Former THS drama teacher earns place in hall of fame
Larry Daw was recognized by the National Educational Theater Association for his decades of dedicated service to Tigard's theater students
A former Tigard High School teacher has been inducted into the hall of fame for great teachers.
Larry Daw, who taught at Tigard High School for 30 years before retiring in 1998, was inducted into the National Educational Theater Associations Hall of Fame last week at a special ceremony in Cincinnati, Ohio.
NETA promotes and supports educational theater across the country.
The hall of fame is reserved for teachers who dedicated 20 years or more to working in educational theater.
I didnt ever think this could happen, Daw said. I knew that it existed, of course, but I was never so vain as to nominate myself. Mike (Fisher) surprised me.
Daw was bitten by the acting bug as a boy, performing in high school theater productions. In college, he dabbled with working in TV commercials. As a teacher, Daw taught in Milton-Freewater, Eugene and Guam before settling at Tigard High, where he spent the majority of his career.
Daw was director of Theater Troupe 2833 in Tigard and prided himself on never performing the same musical twice during his career at THS.
Drama is the great equalizer, Daw said.
The thing that I have always liked about teaching drama and directing shows is that you can have two students side by side, one is a D+ student and the other is a straight-A student, but in theater, they are on common ground, Daw said. Over the years, I had hundreds of students who would not have made it through high school had it not been for drama.
Daw isnt the only Portland-area theater teacher to make it into the hall of fame this year. Scott Walker of Milwaukie Academy of the Arts was also inducted, along with Kerry Onxley of Lake Charles, Louisiana.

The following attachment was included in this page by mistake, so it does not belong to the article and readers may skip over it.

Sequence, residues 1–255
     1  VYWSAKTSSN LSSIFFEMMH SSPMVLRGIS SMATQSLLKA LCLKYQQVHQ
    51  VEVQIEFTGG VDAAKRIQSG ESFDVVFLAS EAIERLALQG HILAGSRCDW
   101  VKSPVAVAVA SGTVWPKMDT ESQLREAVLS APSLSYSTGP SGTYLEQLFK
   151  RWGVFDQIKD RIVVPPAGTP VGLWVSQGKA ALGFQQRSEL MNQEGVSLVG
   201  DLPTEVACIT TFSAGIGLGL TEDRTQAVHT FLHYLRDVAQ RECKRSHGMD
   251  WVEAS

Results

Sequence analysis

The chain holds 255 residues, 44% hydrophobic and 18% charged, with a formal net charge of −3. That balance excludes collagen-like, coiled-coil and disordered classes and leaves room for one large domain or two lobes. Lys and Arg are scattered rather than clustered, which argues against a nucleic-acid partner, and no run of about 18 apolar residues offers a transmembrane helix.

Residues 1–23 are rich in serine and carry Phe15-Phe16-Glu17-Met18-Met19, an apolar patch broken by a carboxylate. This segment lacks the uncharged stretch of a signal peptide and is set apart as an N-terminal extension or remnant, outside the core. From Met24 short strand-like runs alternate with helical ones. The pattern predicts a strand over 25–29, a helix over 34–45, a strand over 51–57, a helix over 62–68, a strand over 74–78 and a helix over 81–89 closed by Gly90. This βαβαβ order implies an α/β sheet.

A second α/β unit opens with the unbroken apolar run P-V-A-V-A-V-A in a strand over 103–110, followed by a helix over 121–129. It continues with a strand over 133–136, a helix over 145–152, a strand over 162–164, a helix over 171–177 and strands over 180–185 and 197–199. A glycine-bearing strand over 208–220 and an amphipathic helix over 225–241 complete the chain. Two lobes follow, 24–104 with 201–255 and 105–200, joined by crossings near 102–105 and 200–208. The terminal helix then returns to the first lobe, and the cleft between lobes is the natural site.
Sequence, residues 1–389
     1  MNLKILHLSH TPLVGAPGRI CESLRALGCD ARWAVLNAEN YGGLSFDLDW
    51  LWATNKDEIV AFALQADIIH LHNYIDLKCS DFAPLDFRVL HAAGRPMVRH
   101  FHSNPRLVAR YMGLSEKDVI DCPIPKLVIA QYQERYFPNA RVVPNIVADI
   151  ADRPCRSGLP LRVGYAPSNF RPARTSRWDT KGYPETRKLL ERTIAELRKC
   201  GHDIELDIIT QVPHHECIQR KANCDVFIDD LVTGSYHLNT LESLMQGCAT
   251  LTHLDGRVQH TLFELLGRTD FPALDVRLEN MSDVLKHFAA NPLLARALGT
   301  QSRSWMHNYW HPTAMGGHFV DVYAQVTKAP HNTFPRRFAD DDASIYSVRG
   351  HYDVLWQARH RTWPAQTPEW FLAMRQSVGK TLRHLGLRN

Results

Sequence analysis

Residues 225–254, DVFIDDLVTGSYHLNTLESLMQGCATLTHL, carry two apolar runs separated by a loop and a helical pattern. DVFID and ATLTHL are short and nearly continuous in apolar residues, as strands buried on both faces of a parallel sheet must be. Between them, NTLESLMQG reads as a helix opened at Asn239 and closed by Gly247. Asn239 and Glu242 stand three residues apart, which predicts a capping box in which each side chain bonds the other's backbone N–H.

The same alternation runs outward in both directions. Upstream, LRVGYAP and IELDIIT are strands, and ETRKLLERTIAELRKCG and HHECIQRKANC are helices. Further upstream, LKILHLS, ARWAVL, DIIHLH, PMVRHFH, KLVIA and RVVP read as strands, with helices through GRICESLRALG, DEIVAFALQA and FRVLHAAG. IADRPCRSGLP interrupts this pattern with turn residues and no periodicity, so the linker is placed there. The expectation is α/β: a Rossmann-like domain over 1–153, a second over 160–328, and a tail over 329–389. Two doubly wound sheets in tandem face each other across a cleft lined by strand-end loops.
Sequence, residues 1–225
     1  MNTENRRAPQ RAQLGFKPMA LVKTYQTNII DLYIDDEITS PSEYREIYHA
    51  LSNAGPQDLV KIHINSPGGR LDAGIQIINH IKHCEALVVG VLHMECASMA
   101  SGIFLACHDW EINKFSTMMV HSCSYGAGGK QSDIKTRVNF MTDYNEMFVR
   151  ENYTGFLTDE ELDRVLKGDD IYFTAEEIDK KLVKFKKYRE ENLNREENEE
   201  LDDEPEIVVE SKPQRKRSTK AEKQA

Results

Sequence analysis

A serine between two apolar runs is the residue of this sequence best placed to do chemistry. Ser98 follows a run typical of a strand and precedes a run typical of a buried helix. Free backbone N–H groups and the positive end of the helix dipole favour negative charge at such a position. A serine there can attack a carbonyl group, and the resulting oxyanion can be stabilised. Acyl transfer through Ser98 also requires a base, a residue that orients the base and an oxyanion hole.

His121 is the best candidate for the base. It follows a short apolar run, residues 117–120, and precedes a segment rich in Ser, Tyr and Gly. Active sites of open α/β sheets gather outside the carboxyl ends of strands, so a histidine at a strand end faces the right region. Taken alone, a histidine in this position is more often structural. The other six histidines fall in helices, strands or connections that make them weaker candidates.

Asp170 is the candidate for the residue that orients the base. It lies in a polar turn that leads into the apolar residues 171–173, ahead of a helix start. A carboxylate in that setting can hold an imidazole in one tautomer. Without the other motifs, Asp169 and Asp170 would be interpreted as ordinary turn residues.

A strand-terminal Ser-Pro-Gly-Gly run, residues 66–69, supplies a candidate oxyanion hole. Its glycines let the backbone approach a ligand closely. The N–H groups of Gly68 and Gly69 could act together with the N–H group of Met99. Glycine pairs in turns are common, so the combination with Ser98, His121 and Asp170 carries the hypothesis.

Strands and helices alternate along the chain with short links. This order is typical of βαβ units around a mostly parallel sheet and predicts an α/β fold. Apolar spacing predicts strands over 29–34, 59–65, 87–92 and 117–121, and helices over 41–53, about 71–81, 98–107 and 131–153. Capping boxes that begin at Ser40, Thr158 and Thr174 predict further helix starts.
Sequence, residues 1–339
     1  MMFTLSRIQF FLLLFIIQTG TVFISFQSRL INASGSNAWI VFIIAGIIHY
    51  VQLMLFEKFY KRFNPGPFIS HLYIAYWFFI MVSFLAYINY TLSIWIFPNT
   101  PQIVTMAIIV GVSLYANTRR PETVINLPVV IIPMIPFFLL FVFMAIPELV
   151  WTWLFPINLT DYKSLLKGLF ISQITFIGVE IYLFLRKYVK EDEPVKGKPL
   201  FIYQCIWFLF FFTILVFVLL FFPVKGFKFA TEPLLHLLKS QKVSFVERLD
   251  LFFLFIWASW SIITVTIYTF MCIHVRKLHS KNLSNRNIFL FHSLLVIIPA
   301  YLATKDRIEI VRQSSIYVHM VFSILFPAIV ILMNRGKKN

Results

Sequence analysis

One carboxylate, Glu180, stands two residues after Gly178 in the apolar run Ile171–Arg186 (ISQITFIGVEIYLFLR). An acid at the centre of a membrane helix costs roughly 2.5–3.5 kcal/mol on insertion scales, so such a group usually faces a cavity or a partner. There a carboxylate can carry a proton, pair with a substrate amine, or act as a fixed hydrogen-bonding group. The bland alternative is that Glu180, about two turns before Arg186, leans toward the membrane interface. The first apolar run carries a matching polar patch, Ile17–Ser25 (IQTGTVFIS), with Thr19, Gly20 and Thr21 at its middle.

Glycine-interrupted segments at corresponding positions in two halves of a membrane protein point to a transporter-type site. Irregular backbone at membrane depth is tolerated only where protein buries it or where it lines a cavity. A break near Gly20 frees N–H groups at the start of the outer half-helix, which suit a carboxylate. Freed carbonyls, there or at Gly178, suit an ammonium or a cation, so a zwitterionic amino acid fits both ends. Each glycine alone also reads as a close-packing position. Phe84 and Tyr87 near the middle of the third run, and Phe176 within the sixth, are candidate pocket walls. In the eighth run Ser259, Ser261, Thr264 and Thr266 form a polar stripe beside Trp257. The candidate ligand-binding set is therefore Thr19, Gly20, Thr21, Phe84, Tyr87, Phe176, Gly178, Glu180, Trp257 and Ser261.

Daw was nominated by Michael Fisher, a drama teacher a fellow NETA Hall of Fame recipient who directs the Academy of Arts and Academics in Springfield.
When I met Larry in the mid-80s, he was teaching at Tigard High and was the mover and shaker extraordinaire of Oregon educational theater, Fisher said. His inclusion had been overlooked for far too long.
Nominating people for the award takes a lot of work, Fisher said, including letters of recommendation from colleagues. At first, Fisher was worried about finding people, so long after Daws retirement, but people came out of the woodwork.
It was so easy to find other theater teachers who know Larry after all hes done, Fisher said.
For all his accomplishments and awards, Daws real strength came from his devotion to his students, Fisher added.
He has this laser focus on things, and he made sure that things happened, Fisher said. Hes very artistic, and his productions were always outstanding. But most of all, he had this vast ability to deal with the myriad of things that high school theater teachers have to deal with all the time.
Fisher said Daws inclusion was a long time coming for the teacher who has affected so many lives in his long career.
No one is more deserving of this than Larry, Fisher said. And, you can quote me on that.Add a comment